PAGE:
The number of families put up by councils in emergency bed-and- breakfast accommodation has increased by over a third, signalling that local authorities are struggling to find suitable and affordable temporary housing for homeless families. The figures suggest fewer families are being put up in private rented accommodation, possibly reflecting a desire among landlords.
Official guidance for local authorities says bed and breakfast temporary accommodation should be avoided “wherever possible”. Lack of privacy, and amenities such as cooking and laundry means it is “not suitable” for families with children or pregnant women “unless there is no alternative accommodation available and then only for a maximum of six weeks.”
Kensington and Chelsea council in central London estimated last year that 1,000 households presented to the council as homeless as a result of the housing benefit changes, effectively doubling the number of households for whom it would have to provide expensive temporary accommodation. The council warned that these families would have to be relocated in homes outside London.
Homeless Link, which represents over 400 homelessness organisations across the UK, said a lack of suitable and affordable private rented accommodation meant homeless people were increasingly stuck in hostels because there was nowhere suitable to move them on to.
Interim chief executive Matt Harrison said: “We believe a lack of affordable accommodation, rent inflation and housing benefit restrictions are fuelling homelessness and making it more difficult to help people once they become homeless.”
Rent rise and benefits cap
Sandra Munoz got her eviction letter the week she got her notice from Wandsworth council saying her housing benefits would be capped. Munoz, 38, a single mother, had lived in the ex-council flat in Battersea with her son for two years, paying a weekly private rent of £250, when she was told she’d have to move last April.
The landlord wanted an extra £100 a week rent and with the housing benefit cuts she could not meet that. She got two months to vacate and her first port of call was the council. “They said they couldn’t help me because I still had two months to find accommodation. I couldn’t find anything on [housing] benefits in Wandsworth and anything below the cap. [Landlords] didn’t want to accept people on benefits.” Even after the deadline passed the council said her case wasn’t an emergency; she would have to wait until her landlord forcibly evicted her and her five-year-old son before they got re-housing assistance, she said.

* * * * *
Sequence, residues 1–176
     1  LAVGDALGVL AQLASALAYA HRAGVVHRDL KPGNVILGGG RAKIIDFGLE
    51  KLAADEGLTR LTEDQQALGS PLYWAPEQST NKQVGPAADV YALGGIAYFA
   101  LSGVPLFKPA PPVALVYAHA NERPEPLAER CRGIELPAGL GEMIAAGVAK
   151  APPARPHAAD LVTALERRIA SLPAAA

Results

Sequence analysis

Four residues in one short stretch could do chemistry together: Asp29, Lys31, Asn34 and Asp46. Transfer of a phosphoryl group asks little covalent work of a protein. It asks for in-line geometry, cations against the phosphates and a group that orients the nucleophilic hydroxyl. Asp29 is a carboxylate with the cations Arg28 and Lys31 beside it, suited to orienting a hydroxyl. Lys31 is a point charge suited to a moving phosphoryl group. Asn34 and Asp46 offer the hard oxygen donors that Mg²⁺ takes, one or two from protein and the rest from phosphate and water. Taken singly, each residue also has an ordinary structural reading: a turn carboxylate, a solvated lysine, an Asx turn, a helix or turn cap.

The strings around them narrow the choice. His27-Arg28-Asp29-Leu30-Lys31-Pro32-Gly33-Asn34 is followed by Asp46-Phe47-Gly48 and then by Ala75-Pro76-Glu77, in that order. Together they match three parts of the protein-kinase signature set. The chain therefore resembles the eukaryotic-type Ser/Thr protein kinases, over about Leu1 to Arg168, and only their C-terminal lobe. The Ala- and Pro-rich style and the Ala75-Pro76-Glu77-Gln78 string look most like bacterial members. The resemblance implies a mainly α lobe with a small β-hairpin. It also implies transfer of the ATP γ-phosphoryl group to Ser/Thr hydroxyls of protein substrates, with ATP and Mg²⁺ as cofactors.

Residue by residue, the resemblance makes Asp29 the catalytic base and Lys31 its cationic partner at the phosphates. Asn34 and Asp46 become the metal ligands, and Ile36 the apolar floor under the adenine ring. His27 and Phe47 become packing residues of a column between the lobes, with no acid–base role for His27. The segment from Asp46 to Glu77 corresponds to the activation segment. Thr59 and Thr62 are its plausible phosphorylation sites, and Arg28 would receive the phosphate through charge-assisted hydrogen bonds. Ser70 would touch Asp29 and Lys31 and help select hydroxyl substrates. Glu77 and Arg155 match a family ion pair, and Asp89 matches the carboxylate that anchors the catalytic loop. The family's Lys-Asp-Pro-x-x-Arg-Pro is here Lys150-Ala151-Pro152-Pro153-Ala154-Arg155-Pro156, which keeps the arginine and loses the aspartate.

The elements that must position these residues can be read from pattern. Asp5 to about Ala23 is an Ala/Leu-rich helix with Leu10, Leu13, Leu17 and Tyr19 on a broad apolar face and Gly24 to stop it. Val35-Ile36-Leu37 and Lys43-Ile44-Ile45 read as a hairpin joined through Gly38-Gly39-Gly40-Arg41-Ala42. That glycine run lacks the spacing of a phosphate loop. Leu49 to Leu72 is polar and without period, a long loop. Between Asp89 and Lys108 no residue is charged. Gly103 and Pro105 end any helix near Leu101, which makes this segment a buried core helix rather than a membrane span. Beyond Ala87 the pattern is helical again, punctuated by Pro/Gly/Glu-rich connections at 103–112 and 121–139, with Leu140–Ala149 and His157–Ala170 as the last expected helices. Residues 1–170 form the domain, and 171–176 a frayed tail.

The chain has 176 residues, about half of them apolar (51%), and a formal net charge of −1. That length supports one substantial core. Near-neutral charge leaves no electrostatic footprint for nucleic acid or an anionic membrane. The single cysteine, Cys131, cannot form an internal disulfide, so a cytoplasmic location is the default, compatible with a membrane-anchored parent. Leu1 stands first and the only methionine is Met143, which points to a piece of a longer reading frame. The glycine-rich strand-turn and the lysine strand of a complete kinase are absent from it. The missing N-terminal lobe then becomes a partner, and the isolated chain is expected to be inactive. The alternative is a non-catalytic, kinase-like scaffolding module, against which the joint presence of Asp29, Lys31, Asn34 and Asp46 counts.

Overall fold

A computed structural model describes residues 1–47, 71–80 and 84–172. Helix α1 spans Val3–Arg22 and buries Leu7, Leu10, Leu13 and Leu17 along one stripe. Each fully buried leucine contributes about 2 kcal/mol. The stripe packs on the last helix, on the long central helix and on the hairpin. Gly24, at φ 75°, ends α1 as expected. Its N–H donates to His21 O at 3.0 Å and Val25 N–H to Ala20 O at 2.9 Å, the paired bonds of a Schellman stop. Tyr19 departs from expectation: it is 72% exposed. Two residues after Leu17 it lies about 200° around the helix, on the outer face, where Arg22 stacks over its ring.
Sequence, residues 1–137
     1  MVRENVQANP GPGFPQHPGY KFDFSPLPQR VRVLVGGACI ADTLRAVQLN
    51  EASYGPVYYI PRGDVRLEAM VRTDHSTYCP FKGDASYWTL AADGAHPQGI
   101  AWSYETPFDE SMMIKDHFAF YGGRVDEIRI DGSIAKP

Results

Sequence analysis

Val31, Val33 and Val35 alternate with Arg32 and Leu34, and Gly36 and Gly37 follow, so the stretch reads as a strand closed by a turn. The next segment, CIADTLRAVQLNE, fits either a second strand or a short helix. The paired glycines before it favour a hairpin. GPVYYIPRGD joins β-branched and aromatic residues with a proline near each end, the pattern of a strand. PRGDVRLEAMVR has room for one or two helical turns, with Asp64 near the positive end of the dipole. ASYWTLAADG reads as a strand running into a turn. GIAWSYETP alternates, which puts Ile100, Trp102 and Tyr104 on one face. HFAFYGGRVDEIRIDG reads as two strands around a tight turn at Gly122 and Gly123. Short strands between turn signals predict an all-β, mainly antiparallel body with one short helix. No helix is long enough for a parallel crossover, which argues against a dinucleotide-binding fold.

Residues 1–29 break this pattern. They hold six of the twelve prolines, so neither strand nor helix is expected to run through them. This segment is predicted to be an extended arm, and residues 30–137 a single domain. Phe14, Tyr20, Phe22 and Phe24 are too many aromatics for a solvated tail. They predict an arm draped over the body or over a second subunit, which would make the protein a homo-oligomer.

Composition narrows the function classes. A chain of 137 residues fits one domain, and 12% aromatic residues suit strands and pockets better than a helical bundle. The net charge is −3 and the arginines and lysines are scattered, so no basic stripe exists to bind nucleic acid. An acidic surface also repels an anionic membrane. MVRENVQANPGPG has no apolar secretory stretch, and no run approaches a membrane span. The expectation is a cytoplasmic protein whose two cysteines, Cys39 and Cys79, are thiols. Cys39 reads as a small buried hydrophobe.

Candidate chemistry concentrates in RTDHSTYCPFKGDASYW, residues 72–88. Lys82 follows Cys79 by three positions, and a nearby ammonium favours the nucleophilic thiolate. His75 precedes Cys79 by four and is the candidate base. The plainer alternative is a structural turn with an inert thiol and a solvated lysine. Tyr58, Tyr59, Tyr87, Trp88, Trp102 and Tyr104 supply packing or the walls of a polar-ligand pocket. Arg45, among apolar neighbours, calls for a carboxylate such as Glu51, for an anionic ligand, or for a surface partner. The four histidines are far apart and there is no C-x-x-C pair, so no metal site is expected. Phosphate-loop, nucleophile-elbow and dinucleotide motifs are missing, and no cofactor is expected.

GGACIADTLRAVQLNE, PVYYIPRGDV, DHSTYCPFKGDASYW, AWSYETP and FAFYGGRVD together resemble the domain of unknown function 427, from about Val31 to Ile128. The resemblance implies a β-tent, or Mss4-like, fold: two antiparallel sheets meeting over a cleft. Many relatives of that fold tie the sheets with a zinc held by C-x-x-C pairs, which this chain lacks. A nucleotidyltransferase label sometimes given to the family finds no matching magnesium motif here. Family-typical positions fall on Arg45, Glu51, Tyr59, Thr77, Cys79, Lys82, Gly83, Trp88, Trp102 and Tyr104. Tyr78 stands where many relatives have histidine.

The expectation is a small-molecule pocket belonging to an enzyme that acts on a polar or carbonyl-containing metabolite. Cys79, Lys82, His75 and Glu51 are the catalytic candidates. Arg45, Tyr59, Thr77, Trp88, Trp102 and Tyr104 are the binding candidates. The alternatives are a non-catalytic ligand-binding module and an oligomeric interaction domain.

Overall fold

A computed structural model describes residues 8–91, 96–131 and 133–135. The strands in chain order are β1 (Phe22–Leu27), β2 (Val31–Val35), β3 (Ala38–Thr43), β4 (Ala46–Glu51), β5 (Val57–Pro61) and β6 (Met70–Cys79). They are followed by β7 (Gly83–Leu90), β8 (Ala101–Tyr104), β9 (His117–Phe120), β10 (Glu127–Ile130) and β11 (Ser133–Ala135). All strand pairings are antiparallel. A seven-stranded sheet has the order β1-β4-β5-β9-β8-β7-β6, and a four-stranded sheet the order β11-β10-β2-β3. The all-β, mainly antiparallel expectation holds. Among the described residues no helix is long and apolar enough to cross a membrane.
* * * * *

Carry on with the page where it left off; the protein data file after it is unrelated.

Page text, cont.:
“Before the council accepts they have a duty to help you, they wait until you’re really on the street basically.”
It was the week before Christmas when Munoz, who has lived in the UK for 14 years both as a full-time worker and a student and volunteer, attended her eviction case at court. Unable to pay the rent she inevitably lost and a few weeks ago the bailiffs were ready to move.
“[The council] wanted me to come to the office just after the bailiffs came. I said look, the bailiffs are coming at eight o’clock in the morning, your offices are opening at nine. What am I supposed to do with my child and furniture?”
The council finally opted to re-house her the night before eviction. She now lives in a tiny flat in a council-run Balham hostel.
The self-contained flat has just a room for her and her child and a sparsely furnished kitchenette without even a fridge.
She said it was worse for bigger families. “They are almost 100 families here. I’ve met some people here and they have three children and they are still living in the one bedroom.”
Munoz said the housing figures showing a 14% rise in homelessness must only represent those who were the most desperate, like herself, who had no family or friends to reply on. “You have to go through so much pain to get here, that many people [looking for emergency accommodation] must just give up.”
And what will she do now? “The council told me I’ll have to stay here for six to eight months before I can move to permanent accommodation. Obviously I would love to go back to my community in Battersea where my child grew up … but they say, you can not decide, you only have one choice.”
Wandsworth council said: “Throughout this whole process we have supported Ms Munoz we intervened on her behalf with her landlord to ascertain his intentions. And as it became clear that she could no longer reside in that property we found her somewhere else to live and ensured that she and her son had a roof over their heads.”